Action likely against seminaries involved in militancy

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File photo shows a student walking past a door of a library named after slain al Qaeda leader Osama bin Laden at a Jamia Hafsa seminary in Islamabad.— File photo
File photo shows a student walking past a door of a library named after slain al Qaeda leader Osama bin Laden at a Jamia Hafsa seminary in Islamabad.— File photo

LAHORE: The Punjab government has hinted at the possibility of taking action against the religious schools found to be involved in militancy in any way.

“We’ve completed mapping of registered and unregistered madaris in the province and may initiate action against 10 percent of them,” Punjab Home Minister retired Col Shuja Khanzada told reporters at the Punjab Assembly on Wednesday.

He chose not to divulge detail of the madaris to be targeted, and said the provincial government had formed a panel, consisting of political and security leaders, to suggest precautionary measures to meet security needs besides implementing the decisions to be taken by the federal government on this issue.

Also read: Madressah reform

To a query, the minister said he condemned the stance of Lal Masjid’s Abdul Aziz about the Peshawar Army Public School, adding the masses hoped that a legal action would be taken against the cleric.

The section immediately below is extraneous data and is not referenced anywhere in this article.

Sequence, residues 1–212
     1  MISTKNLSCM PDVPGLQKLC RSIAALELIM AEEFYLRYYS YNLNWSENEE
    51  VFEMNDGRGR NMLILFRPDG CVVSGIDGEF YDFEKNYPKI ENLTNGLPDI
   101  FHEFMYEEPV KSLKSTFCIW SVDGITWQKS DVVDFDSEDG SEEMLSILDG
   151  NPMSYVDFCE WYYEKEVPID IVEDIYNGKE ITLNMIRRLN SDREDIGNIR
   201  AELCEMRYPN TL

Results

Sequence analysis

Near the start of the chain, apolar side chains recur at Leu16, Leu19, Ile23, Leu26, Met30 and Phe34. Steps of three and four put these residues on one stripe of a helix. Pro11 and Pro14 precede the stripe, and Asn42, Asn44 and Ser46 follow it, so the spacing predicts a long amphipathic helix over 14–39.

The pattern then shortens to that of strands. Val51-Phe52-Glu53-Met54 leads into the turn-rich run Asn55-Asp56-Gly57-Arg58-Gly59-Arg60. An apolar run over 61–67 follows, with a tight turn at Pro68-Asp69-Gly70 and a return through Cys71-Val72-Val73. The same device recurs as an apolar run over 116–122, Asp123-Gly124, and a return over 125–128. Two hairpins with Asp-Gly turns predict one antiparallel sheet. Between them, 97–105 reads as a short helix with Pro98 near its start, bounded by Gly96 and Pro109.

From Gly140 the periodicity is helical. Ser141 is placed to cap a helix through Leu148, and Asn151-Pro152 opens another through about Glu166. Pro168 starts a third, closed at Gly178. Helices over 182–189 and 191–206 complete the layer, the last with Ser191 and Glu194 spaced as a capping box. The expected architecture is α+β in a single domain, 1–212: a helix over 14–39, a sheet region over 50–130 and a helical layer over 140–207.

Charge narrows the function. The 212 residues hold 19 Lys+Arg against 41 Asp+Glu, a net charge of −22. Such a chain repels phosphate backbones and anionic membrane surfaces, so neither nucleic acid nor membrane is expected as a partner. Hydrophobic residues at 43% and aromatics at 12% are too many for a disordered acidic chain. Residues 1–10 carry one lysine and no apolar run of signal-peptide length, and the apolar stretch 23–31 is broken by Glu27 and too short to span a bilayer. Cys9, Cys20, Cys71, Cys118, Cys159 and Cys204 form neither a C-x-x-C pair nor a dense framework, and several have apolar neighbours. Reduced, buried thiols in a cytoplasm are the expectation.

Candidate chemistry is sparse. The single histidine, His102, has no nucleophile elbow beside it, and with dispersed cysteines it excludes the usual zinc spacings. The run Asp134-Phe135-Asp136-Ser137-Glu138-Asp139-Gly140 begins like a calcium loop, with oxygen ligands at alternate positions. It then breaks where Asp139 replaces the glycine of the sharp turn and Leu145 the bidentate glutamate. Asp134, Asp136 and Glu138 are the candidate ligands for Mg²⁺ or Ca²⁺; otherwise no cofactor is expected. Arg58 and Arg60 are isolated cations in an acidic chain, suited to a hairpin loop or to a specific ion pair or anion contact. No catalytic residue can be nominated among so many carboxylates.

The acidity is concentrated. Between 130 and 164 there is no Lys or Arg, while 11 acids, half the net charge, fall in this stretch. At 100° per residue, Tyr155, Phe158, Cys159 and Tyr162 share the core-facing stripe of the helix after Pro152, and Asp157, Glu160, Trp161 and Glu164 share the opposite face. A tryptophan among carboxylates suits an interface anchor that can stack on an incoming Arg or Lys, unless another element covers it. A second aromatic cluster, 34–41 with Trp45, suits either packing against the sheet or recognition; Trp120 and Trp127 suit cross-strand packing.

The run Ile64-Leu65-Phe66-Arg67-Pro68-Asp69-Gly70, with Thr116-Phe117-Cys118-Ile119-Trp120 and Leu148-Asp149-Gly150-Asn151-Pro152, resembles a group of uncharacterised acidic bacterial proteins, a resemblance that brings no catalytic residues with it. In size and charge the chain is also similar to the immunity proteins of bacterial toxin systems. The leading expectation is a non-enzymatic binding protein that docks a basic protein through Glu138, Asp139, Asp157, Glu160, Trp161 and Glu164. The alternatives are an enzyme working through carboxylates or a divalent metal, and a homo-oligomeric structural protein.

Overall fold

He said the government would not accept pressure from any side on the execution of terrorists.

Also, the government introduced a third amendment in the Punjab Local Government Act.

The statement of objectives of the amendment bill, tabled by provincial minister Chaudhry Sher Ali, said the changes in the law were being affected in the light of the meeting held with the Election Commission of Pakistan (ECP) on December 2 under a Supreme Court directive.

It said the ECP sought defining the word ‘election’, banning alteration in constituencies after the election schedule is made public, authorising the ECP to select returning officers even from federal government employees, as well as correcting a ‘clerical error’ in Section 37 of the act.

The law was updated only four weeks ago on November 24.

The agriculture minister told the Punjab Assembly on Wednesday it would introduce new laws to minimise the role of middlemen in markets.

During the Question Hour, Dr Farrukh Javed said the step was necessary to arrest increase in the prices of food items.

He said that the government had decided to shift food markets outside the municipal limits.

He would not respond to a supplementary question by a treasury member about the collection of fees from the Faisalabad Agriculture University students.

Mian Tariq had to withdraw his question when the chair, being held by Speaker Rana Muhammad Iqbal, snubbed him for putting “unnecessary” stress on queries.

Through a point of order, Jamaat-i-Islami’s Dr Syed Waseem Akhtar raised the issue of shortage of gas and sharp increase in prices of LPG, an alternate source of energy, despite a declining trend in world prices.

The chair adjourned the proceedings till Friday morning.

Published in Dawn, December 25th, 2014